The Fourth Circuit today issued a significant ruling that could help a large number of federal inmates who pleaded guilty to being a “felon in possession of a firearm,” in violation of 18 U.S.C. § 922(g).
The decision from the Fourth Circuit today stems from the Supreme Court’s decision last summer in Rehaif v. United States. In that case, the Supreme Court held that the Government must prove that a defendant charged under § 922(g) not only possessed a firearm, but that they were aware of their status as a person who was not allowed to possess a gun. In United States v. Gary, the Fourth Circuit held that the error to inform a defendant of that element of the charge during the guilty plea is a structural error that invalidates the conviction.
A defendant cannot knowingly and intelligently plead guilty to a crime without proper notice of all of the elements of the offense. When a court fails to inform a defendant of an element – in this case the Government’s burden to prove defendant’s knowledge of their status as a prohibited person – the guilty plea cannot be valid.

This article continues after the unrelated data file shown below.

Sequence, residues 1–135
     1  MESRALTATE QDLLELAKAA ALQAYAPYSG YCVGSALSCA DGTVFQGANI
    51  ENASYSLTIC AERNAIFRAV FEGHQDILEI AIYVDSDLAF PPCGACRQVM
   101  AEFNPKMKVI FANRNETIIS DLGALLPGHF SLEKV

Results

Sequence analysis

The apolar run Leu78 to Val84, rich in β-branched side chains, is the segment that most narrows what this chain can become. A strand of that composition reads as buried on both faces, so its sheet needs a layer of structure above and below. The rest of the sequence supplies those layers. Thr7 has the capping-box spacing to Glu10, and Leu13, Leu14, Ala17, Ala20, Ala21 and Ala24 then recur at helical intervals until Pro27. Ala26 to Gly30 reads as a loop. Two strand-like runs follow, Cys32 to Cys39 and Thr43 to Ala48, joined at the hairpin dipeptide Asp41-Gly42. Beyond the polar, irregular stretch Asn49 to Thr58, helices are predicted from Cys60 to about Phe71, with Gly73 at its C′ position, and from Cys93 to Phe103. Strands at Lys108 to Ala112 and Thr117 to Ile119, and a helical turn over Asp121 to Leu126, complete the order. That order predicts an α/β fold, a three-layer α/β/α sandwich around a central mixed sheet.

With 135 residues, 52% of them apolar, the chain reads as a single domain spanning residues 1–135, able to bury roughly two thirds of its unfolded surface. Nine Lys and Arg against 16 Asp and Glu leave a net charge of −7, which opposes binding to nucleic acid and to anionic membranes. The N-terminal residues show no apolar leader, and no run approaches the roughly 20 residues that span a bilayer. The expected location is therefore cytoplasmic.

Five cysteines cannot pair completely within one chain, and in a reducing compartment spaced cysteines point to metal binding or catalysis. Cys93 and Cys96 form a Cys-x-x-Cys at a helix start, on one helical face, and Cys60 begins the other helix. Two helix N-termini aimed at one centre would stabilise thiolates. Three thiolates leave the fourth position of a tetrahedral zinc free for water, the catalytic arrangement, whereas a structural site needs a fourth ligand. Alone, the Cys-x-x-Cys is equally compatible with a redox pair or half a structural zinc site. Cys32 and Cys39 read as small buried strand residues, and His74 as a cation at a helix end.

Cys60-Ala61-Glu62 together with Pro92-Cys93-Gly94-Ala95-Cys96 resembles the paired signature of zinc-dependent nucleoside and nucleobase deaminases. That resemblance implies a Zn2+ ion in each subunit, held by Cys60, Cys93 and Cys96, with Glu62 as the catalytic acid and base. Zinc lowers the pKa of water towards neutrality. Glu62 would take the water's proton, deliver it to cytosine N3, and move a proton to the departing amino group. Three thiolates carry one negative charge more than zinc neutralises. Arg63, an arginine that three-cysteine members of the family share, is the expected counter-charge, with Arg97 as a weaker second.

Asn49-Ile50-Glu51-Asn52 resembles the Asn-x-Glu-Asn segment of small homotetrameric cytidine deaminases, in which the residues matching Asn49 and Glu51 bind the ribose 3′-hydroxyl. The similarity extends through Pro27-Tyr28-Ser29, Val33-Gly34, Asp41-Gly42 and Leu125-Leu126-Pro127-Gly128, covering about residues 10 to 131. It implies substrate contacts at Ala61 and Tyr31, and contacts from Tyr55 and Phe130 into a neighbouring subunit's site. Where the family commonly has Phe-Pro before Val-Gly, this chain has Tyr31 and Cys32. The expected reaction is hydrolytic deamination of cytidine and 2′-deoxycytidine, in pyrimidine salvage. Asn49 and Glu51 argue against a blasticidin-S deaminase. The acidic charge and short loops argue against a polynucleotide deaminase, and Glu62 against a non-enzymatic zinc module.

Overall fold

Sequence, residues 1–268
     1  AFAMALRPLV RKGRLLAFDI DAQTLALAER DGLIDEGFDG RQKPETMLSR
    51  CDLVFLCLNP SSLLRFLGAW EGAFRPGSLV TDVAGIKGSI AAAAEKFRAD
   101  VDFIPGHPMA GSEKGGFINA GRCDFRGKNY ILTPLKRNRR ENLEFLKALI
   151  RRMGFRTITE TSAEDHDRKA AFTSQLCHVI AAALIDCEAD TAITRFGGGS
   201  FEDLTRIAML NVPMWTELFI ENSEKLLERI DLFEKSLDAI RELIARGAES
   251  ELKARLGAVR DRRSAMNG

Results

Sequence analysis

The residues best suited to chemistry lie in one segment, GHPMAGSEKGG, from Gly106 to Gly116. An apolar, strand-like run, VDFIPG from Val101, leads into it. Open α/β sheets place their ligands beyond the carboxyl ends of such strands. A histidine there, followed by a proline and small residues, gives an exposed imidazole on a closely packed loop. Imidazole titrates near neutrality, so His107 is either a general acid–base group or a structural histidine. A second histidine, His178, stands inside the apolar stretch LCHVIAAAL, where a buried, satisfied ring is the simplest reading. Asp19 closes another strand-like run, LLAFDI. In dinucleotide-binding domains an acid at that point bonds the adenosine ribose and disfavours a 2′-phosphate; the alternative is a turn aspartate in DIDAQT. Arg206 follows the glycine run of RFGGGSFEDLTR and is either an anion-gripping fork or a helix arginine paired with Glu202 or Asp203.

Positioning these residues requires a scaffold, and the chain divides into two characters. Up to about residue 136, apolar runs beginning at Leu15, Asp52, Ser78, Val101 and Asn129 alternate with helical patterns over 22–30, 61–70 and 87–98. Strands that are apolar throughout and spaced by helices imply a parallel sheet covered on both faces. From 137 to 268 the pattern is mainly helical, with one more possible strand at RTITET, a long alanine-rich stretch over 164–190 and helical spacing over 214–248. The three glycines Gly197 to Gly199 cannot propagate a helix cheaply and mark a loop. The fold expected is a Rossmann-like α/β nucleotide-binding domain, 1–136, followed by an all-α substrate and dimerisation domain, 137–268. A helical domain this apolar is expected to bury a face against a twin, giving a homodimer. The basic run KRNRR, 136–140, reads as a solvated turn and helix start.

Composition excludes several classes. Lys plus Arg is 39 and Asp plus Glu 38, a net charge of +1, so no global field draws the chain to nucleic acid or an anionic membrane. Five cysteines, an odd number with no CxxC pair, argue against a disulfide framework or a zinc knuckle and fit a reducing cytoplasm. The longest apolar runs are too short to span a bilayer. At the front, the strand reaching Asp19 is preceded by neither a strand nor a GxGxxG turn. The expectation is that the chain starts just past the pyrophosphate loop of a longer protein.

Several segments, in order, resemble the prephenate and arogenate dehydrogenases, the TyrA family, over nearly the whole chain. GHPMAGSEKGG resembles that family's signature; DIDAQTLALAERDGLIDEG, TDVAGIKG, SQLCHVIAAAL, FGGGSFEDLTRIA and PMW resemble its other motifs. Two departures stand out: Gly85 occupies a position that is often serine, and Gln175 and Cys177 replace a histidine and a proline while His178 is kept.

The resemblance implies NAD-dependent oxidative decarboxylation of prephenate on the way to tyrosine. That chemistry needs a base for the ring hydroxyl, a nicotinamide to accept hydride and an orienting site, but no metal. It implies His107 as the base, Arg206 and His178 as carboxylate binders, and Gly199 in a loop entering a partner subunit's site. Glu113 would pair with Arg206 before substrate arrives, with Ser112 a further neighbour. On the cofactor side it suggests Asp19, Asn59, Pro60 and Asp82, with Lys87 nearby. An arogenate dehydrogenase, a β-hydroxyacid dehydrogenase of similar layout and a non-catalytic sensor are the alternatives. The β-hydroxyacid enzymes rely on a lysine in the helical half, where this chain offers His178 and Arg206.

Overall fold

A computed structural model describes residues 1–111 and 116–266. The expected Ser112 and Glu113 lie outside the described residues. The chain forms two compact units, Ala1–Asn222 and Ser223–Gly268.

In Gary, a case originating in North Carolina, the Fourth Circuit rejected the Government’s argument that the evidence was “overwhelming” that the defendant knew he was a prohibited person. Significantly, the Court held that the evidence didn’t matter – and the defendant did not need to prove prejudice – because a person has a fundamental right to be informed of the charges against him, making the failure to do so structural. A structural error is one that affects a defendant’s substantial rights, thus broadening the implications of the error.
Even prior to the decision in Gary, the Supreme Court’s decision in Rehaif opened up potential avenues of relief to inmates. This decision strengthens those claims greatly. Any defendant who pleaded guilty to being a felon in possession could potentially be entitled to relief, which may include a possible vacatur of the § 922(g) conviction.
This is yet another sign that the Fourth Circuit has turned into a panel that takes the rights of criminal defendants very seriously. In a circuit where 96.4% of cases result in pleas, a ruling like this is impactful. It seems likely, however, that the Government will appeal the decision, potentially up to the Supreme Court.
If you or a someone you know pleaded guilty to a federal charge of being a felon in possession of a firearm, relief may be possible under Rehaif and, now, Gary. But be warned: there is a strict deadline for filing a motion for relief under 28 U.S.C § 2255, and the clock is already running. Please contact an attorney immediately.